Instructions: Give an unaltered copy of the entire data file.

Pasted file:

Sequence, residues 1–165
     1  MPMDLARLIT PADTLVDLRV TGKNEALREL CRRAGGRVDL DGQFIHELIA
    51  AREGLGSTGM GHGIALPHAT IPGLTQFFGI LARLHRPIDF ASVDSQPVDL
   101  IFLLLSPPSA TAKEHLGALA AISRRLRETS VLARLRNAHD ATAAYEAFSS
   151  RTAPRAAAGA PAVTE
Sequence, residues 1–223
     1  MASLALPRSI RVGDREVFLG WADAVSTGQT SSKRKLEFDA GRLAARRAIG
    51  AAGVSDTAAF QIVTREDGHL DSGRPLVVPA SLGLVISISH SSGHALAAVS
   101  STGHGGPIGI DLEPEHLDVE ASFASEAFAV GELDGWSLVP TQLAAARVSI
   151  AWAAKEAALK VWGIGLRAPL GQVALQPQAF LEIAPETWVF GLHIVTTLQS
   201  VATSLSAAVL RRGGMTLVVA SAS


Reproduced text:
Sequence, residues 1–165
     1  MPMDLARLIT PADTLVDLRV TGKNEALREL CRRAGGRVDL DGQFIHELIA
    51  AREGLGSTGM GHGIALPHAT IPGLTQFFGI LARLHRPIDF ASVDSQPVDL
   101  IFLLLSPPSA TAKEHLGALA AISRRLRETS VLARLRNAHD ATAAYEAFSS
   151  RTAPRAAAGA PAVTE
Sequence, residues 1–223
     1  MASLALPRSI RVGDREVFLG WADAVSTGQT SSKRKLEFDA GRLAARRAIG
    51  AAGVSDTAAF QIVTREDGHL DSGRPLVVPA SLGLVISISH SSGHALAAVS
   101  STGHGGPIGI DLEPEHLDVE ASFASEAFAV GELDGWSLVP TQLAAARVSI
   151  AWAAKEAALK VWGIGLRAPL GQVALQPQAF LEIAPETWVF GLHIVTTLQS
   201  VATSLSAAVL RRGGMTLVVA SAS